Tough? Maybe. But it's a sign of progress, and ultimately success. I compare it to dieting.

It feels good to dream big about the new product you're planning, just like it feels good to eat a big sundae with whipped cream. But even though dealing with the growing pains of success can seem like eating broccoli, rest assured, that is the feeling of you getting fitter.

Too many entrepreneurs think of raising money or launching the product as the end. Those aren't the end, or even the beginning of the end. But to paraphrase Churchill, they just might be the end of the beginning. And it's what you do afterwards that distinguishes successful entrepreneurs from wannabes.

Tuesday, May 08, 2012

Paul Graham's Office Hours Questions

I love this HackerNews item on the key questions you'd use when programming a Paul Graham bot to dispense startup advice. Here are the questions/phrases:

"Who needs it?"
"Who uses it?"
"Who *really* needs it?"
"What problem does this solve?"
"Does that problem *really* need to be solved?"
"What is the worst problem in your life?"
"In any given day, how many people use it? Do they return?"
"What do you do for them once they get to your site?"
"Why do they need you? What's special about you?"
"Beat a chicken and egg problem with a tiny subset of the market that's small but *driven*."
"No, who *needs* it?"
"I worry... I worry..."

I love the fact that of the 11 true questions, seven are about the user, three are about the problem, and one is about the market. You can't go wrong when you ask yourself, "Who *really* needs it?"...or for that matter, if you say to yourself, "I worry... I worry..."

Monday, May 07, 2012

An Entrepreneurial Success Story

I had lunch today with two entrepreneurs. I had been an advisor to their previous company, a promising startup that, due to some external personnel issues, had been forced to close down despite some early traction in the marketplace.

I met these entrepreneurs when they cold-called me based on my LinkedIn profile. And while they didn't fit the central casting profile for Silicon Valley entrepreneurs (while they were young, they weren't technical, hadn't got to a prestigious university, and didn't have any track record or contacts in the industry), they impressed me with their persistence and appetite for hard work.

I started off by providing informal advice, then eventually agreed to become a formal advisor, and hooked them up with the folks at Orrick to clean up their legal situation (like many first-time entrepreneurs, there was a lot of legal cleanup that needed to happen).

As I mentioned, around the time we began the fundraising process for a seed round, some external issues forced the company to shut down. The founders stayed in the general space, accepting positions with another startup.

Fastforward to today. We had lunch to catch up, and so the entrepreneurs could tell me that they had found a buyer for the assets of the company. One of the other advisors, after the shut-down, had gone to one of the company's primary competitors and told them what they were doing wrong, and how our company had planned to fix the issues. In response, the competitor made the advisor their CEO!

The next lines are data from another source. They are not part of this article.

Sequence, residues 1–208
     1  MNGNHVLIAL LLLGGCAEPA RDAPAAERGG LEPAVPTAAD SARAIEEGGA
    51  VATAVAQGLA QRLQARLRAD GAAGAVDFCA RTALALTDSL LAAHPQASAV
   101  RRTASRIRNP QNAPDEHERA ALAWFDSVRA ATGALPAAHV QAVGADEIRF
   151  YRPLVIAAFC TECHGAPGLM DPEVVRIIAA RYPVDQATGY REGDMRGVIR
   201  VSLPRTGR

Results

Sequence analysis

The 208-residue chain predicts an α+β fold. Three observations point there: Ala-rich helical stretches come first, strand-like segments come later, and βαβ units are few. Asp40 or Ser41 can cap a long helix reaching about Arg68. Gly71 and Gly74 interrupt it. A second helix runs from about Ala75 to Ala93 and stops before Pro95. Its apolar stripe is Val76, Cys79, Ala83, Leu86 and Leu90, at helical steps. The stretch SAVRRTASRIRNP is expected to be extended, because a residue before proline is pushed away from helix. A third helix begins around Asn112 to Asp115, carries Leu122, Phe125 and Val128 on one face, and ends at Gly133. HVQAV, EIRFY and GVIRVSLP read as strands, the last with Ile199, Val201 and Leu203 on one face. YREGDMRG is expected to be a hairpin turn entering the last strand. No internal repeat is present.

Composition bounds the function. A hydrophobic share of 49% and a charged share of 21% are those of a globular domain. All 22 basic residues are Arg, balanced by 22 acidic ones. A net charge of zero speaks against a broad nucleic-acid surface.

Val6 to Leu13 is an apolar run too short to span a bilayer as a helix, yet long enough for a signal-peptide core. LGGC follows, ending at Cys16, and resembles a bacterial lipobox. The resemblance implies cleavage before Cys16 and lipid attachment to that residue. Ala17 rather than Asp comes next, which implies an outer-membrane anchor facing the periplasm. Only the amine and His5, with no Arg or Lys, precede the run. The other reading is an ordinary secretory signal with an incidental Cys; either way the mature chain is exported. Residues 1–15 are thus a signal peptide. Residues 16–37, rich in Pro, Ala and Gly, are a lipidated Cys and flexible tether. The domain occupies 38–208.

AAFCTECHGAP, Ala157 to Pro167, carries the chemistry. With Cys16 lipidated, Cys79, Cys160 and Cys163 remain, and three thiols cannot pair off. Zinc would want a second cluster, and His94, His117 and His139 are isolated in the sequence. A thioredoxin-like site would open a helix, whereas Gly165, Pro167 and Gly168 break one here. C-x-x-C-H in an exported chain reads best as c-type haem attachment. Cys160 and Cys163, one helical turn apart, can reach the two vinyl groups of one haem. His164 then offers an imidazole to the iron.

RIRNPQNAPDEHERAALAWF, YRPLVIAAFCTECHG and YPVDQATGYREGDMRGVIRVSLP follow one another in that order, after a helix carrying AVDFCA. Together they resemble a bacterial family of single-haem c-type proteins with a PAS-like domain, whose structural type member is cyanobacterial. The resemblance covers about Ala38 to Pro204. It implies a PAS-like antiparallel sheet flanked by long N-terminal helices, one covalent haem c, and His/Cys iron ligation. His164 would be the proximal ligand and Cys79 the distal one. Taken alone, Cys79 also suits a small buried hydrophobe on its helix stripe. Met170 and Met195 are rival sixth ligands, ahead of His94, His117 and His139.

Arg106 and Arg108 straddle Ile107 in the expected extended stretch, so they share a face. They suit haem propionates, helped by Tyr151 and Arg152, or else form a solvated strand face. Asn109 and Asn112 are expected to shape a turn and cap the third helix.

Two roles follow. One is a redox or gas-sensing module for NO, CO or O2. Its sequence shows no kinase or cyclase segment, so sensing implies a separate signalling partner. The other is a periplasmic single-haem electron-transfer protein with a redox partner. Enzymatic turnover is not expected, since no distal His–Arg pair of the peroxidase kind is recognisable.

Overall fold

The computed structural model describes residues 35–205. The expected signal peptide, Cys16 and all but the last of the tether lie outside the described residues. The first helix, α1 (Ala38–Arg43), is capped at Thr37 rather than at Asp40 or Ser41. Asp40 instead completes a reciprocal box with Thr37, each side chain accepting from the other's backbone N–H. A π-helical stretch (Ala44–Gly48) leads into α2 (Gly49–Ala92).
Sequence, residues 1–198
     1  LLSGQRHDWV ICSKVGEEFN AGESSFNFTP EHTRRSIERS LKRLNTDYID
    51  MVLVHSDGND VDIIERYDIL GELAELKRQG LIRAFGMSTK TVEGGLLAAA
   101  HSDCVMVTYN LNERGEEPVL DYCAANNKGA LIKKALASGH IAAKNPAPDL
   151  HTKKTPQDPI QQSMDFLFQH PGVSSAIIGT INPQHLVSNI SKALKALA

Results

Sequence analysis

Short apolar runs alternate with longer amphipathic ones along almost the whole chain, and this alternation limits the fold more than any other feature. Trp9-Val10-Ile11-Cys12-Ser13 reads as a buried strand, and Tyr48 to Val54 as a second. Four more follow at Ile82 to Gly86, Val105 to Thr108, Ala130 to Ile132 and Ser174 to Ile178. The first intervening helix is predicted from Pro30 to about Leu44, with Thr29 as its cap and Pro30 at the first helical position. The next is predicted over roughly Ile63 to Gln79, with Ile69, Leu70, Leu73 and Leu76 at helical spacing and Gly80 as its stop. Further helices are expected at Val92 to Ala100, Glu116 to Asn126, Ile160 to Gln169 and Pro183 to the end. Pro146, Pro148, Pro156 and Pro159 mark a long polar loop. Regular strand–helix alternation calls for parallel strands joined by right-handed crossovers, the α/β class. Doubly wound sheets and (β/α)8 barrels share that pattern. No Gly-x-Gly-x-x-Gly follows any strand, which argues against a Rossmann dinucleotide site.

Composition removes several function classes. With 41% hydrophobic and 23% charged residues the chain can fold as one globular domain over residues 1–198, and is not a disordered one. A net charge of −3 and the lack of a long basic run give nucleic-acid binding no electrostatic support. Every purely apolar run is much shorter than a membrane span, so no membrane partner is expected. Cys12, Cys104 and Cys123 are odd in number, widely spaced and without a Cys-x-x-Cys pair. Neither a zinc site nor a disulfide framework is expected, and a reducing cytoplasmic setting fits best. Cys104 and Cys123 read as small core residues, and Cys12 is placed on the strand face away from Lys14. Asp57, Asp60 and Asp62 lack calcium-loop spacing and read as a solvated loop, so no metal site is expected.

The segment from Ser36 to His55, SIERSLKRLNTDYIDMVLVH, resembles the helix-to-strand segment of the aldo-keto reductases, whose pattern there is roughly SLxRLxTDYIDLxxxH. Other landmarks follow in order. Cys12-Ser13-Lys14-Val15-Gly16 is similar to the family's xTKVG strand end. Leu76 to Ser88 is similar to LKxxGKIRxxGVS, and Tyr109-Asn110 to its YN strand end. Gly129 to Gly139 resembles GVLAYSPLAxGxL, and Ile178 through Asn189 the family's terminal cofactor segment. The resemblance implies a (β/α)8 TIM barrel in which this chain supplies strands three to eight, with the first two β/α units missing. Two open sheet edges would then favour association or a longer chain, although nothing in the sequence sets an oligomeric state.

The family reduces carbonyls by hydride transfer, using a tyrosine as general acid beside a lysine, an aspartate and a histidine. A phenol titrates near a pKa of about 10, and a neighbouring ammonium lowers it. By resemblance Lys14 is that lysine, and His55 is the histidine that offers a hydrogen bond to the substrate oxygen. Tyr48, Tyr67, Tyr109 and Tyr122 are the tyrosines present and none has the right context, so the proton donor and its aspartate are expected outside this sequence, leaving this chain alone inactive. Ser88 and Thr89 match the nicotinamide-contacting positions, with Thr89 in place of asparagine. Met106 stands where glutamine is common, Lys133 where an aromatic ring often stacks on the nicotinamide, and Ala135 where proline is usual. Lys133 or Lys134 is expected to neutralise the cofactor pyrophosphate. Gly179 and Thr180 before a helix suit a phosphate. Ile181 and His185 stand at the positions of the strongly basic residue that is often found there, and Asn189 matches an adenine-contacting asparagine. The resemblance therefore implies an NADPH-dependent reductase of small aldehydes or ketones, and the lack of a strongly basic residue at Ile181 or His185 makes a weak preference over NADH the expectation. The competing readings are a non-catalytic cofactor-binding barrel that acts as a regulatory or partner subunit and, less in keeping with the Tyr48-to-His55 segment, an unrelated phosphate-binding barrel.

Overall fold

That advisor then turned around and bought the assets of our company. (Note that I don't see anything wrong with this; while there is a clear conflict of interest, it ended up helping all parties concerned) The purchase price wasn't great, but it would cover all the outstanding debts and obligations of the company.

Meanwhile, the entrepreneurs were very excited about their new company, and shared some of their war stories. As it turns out, they might meet with another company I'm advising to explore mutually beneficial collaborations.

While their company failed, and I didn't make a dime from the acquisition, I view the entire episode as an entrepreneurial success story. When I talk with entrepreneurs, I often paraphrase the old saying, "Any landing you can walk away from is a good one." Any exit is a good exit, especially early in your career.

At the end of the day, everyone benefited. I got a chance to learn more about an industry I didn't have a lot of experience with, and I met and built a relationship with two smart and hard-working entrepreneurs. The entrepreneurs learned a lot about building a business, and their progress impressed a hot startup enough to hire them into positions of real authority and opportunity. Even their investors and creditors got their money back. Heck, even Orrick came out ahead--the entrepreneurs brought Orrick on board as the law firm for the company they joined.

Most important of all, society now has two more entrepreneurs who might make an impact somewhere down the line, perhaps with their second company. Or their third. Or their fourth....

Back when I was in business school, I had a lot of classmates who defined success in terms of power, wealth, and fame. If you didn't run a major corporation or make $100 million, the thinking went, you were a failure. (In their defense, this was a time when you could go public on quarterly sales of $165,000)

This definition of entrepreneurial success is far too narrow and limiting. The odds are against any particular startup, and even against any particular entrepreneur's career. Otherwise we'd retire and live like kings in Patagonia.

If you learned important lessons, met interesting people, developed meaningful relationships, and walked away without losing your shirt, you're an entrepreneurial success. 99% of people will never get that far, and your life will be far richer for it.

Besides, there's always next time.